Ticket #5039 (new)

Opened 2 months ago

Find Someone Special in Your Area on HotAsianFlirts

Reported by: "Attractive Asian Women" <AttractiveAsianWomen@…> Owned by:
Priority: normal Milestone: 2.11
Component: none Version: 3.8.0
Severity: medium Keywords:
Cc: Language:
Patch status: Platform:

Description

Find Someone Special in Your Area on HotAsianFlirts

http://shedplanx.us/mP6LRHkHZaca2tQ7ir6mj0QNOs-FEMYuH-OlFs1WnfMParPJyQ

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To decommission a ship is to terminate its career in service in the armed forces of a nation. Unlike wartime ship losses, in which a vessel lost to enemy action is said to be struck, decommissioning confers that the ship has reached the end of its usable life and is being retired from a country's navy. Depending on the naval traditions of the country, a ceremony commemorating the decommissioning of the ship may take place, or the vessel may be removed administratively with minimal fanfare. The term "paid off" is alternatively used in British and Commonwealth contexts, originating in the age-of-sail practice of ending an officer's commission and paying crew wages once the ship completed its voyage.

Ship decommissioning usually occurs some years after the ship was commissioned and is intended to serve as a means by which a vessel that has become too old or obsolete can be retired with honor from the country's armed forces. Decommissioning of the vessel may also occur due to treaty agreements (such as the Washington Naval Treaty) or for safety reasons (such as a ship's nuclear reactor and associated parts reaching the end of their service life), depending on the type of ship being decommissioned. In a limited number of cases a ship may be decommissioned if the vessel in question is judged to be damaged beyond economical repair, as was the case with USS Hugh W. Hadley, or USS Halibut. In rare cases, a navy or its associated country may recommission or leave a ship that is old or obsolete in commission with the regular force rather than decommissioning the vessel in question due to the historical significance or public sentiment for the ship in question. This is the case with the s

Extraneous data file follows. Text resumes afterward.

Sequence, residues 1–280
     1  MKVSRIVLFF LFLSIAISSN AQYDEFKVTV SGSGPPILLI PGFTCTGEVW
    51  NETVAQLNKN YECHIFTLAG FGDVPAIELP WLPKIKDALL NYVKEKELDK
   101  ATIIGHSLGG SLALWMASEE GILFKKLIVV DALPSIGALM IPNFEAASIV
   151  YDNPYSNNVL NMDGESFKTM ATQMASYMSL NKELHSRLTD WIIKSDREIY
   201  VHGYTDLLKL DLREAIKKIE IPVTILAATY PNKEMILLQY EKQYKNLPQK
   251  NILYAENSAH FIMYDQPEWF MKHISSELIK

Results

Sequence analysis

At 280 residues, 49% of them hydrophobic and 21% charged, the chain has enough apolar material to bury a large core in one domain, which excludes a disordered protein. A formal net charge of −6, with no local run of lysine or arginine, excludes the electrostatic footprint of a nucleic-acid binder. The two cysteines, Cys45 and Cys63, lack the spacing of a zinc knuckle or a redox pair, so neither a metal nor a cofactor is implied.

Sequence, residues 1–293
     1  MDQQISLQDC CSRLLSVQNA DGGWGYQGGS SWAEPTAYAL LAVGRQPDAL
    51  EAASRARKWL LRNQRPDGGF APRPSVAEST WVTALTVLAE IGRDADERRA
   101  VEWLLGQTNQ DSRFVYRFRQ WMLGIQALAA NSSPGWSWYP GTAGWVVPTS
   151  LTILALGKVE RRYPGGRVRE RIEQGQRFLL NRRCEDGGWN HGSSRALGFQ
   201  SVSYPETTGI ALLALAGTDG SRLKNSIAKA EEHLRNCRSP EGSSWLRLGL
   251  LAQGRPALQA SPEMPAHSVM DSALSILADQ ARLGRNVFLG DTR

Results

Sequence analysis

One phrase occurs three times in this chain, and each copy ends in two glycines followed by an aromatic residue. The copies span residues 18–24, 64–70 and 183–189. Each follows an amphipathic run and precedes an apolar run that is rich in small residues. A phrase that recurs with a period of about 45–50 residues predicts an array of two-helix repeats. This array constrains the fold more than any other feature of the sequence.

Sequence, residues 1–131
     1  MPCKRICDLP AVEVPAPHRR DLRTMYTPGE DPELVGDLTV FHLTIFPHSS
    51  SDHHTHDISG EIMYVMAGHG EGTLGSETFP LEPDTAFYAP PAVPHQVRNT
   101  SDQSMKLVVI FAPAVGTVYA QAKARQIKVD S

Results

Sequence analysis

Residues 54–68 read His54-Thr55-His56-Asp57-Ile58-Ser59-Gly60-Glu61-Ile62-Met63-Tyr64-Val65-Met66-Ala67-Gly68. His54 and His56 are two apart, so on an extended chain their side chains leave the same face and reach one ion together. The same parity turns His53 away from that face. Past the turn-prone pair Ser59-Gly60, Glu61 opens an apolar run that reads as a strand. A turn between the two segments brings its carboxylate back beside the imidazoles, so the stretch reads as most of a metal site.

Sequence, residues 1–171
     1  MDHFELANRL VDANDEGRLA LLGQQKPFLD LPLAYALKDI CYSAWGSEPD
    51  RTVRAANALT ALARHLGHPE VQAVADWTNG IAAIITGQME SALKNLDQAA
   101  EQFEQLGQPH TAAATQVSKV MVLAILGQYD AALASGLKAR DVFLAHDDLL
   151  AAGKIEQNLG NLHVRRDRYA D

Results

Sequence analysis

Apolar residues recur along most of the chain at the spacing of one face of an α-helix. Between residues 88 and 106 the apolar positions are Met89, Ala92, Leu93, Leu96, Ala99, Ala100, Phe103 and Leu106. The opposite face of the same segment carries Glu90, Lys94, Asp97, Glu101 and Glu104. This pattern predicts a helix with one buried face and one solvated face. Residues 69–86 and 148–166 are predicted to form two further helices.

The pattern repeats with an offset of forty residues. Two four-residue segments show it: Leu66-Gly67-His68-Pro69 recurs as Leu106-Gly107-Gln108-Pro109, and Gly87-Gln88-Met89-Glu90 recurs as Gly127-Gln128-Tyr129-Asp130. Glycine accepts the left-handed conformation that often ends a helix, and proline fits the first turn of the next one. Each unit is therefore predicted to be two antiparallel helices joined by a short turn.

hips USS Constitution and HMS Victory. Vessels preserved in this manner typically do not relinquish their names to other, more modern ships that may be in the design, planning, or construction phase of the parent nation's navy.


Crew members and guest salute as the colors are paraded at the decommissioning ceremony of the salvage and rescue ship Grasp
Prior to its formal decommissioning, the ship in question will begin the process of decommissioning by going through a preliminary step called inactivation or deactivation. During this phase, a ship will report to a naval facility owned by the country to permit the ship's crew to offload, remove, and dismantle the ship's weapons, ammunition, electronics, and other material that is judged to be of further use to the nation. The removed material from a ship usually ends up either rotating to another ship in the class with similar weapons and/or capabilities, or in storage pending a decision on equipment's fate. During this time a ship's cre

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